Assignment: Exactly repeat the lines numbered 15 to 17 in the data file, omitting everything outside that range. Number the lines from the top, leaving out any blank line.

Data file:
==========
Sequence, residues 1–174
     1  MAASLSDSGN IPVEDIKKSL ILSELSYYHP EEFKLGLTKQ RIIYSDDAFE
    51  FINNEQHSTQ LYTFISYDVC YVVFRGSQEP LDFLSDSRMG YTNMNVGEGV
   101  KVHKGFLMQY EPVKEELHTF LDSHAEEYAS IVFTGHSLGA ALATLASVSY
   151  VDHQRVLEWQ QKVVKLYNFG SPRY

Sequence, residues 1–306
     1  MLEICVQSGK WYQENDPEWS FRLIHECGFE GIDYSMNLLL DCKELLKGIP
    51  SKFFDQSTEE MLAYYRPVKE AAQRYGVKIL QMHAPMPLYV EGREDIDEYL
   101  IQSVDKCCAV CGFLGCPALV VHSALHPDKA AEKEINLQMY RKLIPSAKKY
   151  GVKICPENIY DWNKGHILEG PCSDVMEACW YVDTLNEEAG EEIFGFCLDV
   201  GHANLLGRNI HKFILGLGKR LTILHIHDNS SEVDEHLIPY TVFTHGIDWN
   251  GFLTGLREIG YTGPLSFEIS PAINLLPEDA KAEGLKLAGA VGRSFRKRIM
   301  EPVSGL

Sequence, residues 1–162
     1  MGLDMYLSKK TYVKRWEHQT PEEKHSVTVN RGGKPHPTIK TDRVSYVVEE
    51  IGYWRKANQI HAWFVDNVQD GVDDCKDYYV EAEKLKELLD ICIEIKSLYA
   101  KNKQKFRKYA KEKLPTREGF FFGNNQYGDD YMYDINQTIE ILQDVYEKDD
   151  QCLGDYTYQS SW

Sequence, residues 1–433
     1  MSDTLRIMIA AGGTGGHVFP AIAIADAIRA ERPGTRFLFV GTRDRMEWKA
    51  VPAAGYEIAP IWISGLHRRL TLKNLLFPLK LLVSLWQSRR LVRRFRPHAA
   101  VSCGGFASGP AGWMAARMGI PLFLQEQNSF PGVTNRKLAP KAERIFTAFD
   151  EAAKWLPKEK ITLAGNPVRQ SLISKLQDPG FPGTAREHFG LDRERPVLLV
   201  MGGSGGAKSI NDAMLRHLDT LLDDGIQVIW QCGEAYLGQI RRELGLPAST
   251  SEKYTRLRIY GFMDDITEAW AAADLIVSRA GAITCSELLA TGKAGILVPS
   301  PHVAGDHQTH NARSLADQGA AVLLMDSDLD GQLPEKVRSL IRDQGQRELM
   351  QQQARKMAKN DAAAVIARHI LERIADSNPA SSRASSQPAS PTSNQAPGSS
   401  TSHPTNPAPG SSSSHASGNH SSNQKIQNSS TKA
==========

     1  MGLDMYLSKK TYVKRWEHQT PEEKHSVTVN RGGKPHPTIK TDRVSYVVEE
    51  IGYWRKANQI HAWFVDNVQD GVDDCKDYYV EAEKLKELLD ICIEIKSLYA
   101  KNKQKFRKYA KEKLPTREGF FFGNNQYGDD YMYDINQTIE ILQDVYEKDD